Donna Cheng on Designing Rabeah Ghaffari's To Keep the Sun Alive

Donna Cheng is a Senior Designer at Simon & Schuster in New York. Here she tells us how she created the vibrant cover for To Keep the Sun Alive.


To Keep the Sun Alive is about the intimate, vibrant lives of the people in the Iranian city of Naishapur. The novel is told through servants, children, and close families set against the backdrop of the Iranian Revolution. As the city falls apart the characters' strengths are put to the test as they seek justice and truth, and search for a voice.

The art direction I received was to show something rich and atmospheric, and to avoid "a woman in a veil with her back turned towards the audience" and "cliche food, Middle East memoir feel." This left me with more creative freedom and to read what inspired me to come up with a few different concepts.

Before designing, I extracted key visual images from the book that stood out and carried the weight of the story. At the beginning of the novel the solar eclipse sets the scene of the tension between the family and country at the brink of destruction. When the city becomes more violent, the family of the retired judge and his wife keep their orchard known as the “the land where the sun rises” as a refuge. Their days consist of labored, ornamented lunches with rich, aromatic flavors that brought the scenes to life. Those poetic details capture the mood of the story—the spirit of calm and order in the midst of chaos.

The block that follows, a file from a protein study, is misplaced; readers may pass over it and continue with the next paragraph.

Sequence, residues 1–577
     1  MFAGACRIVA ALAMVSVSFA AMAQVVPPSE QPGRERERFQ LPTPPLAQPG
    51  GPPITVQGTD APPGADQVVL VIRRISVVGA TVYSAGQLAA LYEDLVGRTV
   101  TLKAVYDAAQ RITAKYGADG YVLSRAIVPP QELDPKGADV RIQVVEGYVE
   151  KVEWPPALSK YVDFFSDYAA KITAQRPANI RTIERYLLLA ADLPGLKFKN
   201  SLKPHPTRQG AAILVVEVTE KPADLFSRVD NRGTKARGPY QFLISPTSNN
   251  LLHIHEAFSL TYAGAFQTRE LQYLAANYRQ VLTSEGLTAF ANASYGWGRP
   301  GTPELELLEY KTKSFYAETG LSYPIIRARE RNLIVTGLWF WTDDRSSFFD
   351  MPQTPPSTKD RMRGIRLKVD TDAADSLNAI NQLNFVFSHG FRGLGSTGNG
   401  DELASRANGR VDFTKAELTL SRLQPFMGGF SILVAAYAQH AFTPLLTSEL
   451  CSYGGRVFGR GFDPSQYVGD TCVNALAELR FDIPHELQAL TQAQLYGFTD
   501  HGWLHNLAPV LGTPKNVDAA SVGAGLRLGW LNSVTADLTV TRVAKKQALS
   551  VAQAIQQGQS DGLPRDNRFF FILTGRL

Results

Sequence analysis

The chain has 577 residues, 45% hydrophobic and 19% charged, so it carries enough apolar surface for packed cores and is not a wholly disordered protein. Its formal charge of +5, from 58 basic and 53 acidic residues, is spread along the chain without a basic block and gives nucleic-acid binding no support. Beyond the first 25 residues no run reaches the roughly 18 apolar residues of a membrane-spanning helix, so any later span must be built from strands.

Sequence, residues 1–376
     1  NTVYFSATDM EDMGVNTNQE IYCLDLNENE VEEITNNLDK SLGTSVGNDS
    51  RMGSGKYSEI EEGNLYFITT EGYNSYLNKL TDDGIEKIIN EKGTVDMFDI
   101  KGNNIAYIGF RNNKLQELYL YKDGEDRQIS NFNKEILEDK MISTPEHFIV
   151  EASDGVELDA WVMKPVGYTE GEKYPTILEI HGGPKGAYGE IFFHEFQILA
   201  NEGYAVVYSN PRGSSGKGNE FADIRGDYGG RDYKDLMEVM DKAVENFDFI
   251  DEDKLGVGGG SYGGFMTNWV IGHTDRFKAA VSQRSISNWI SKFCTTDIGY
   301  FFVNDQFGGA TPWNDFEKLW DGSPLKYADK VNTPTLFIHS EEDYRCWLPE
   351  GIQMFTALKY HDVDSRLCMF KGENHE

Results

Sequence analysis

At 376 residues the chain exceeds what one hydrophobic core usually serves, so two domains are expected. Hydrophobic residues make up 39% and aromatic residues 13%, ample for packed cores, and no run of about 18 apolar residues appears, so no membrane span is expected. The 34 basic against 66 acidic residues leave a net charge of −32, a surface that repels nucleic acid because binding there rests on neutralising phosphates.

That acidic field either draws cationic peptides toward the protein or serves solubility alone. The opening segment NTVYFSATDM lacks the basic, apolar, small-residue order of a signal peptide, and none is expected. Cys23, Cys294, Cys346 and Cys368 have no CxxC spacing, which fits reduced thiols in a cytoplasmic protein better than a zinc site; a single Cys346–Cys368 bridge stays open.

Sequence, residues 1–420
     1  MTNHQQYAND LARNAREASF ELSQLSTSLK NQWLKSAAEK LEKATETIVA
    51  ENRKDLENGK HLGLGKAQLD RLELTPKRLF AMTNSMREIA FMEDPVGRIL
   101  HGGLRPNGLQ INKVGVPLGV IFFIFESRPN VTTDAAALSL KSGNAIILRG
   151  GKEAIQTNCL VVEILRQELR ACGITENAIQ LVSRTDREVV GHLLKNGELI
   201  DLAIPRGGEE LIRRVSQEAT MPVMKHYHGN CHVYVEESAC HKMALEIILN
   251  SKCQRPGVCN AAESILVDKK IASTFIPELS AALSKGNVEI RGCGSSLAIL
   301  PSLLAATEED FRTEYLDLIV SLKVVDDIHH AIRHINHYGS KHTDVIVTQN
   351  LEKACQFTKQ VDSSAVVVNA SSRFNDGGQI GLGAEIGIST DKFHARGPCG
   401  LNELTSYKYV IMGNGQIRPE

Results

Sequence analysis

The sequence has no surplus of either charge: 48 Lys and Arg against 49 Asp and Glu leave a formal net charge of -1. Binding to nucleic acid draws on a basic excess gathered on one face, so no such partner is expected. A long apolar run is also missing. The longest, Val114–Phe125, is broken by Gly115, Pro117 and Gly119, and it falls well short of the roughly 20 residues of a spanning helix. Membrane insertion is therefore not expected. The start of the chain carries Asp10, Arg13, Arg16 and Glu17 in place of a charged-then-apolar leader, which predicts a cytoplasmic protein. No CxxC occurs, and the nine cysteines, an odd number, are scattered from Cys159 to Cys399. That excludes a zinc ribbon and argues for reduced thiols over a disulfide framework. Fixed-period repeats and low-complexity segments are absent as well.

With these visuals in mind, I explored the contrasting states of being still and stirred.

Beginning with the more uplifting theme, I centered on the richness and continuation of family culture rather than adding focus on the corruption of the monarchy. I tried a more elegant approach with a ornate, serif font overlapping the illuminating ring resembling the solar eclipse that carried throughout the novel. Within the rings the fruitful orchard peers through, symbolising hope and community where the families bond together in deep conversations.

 
 

In the vein of that same idea, I mixed in a modern twist to the next layout. By using a thin, clean sans serif font with a white off-registration it visualized a slight shift in light and dark. Counterbalancing the type was the etched orchard tree superimposed on yellow sun shapes floating around the blue-sky background. A simple and clean balance of color and distorted imagery brings the design together in an unpredictable order.

 
 

Conversely, the other designs focus on the impact of the revolution and therefore paints a gloomy ambience. The darkness that swept the nation is offset with the sky, trees, and sun to show longing and hope of what’s to come. The separation of the glass in the window steers the focus on contention of what would otherwise be a quiet scene.

 
 

This light and dark interplay is also exemplified with the broken gate surrounding the shining crest on the other side. The bold, chiseled type mimics the edges of the textured gate and is enveloping the blue to purple hued sky. This pink-purple blush looming in the sky suggests the end of the day—the moment when the sun sets and becomes night.

 

Final cover

 

In the end, the cover that was chosen expressed nuances of rhythm and harmony. The bright, burnt orange color was reminiscent of the heat from the beating sun. Those long, endless days from sunrise to sunset marked the passage of time. The sand dunes positioned in between the sun to indicate what’s left of the past—the remains of the city that once stood.


Painter, Designer, Lifelong bibliophile.

@PaintbrushMania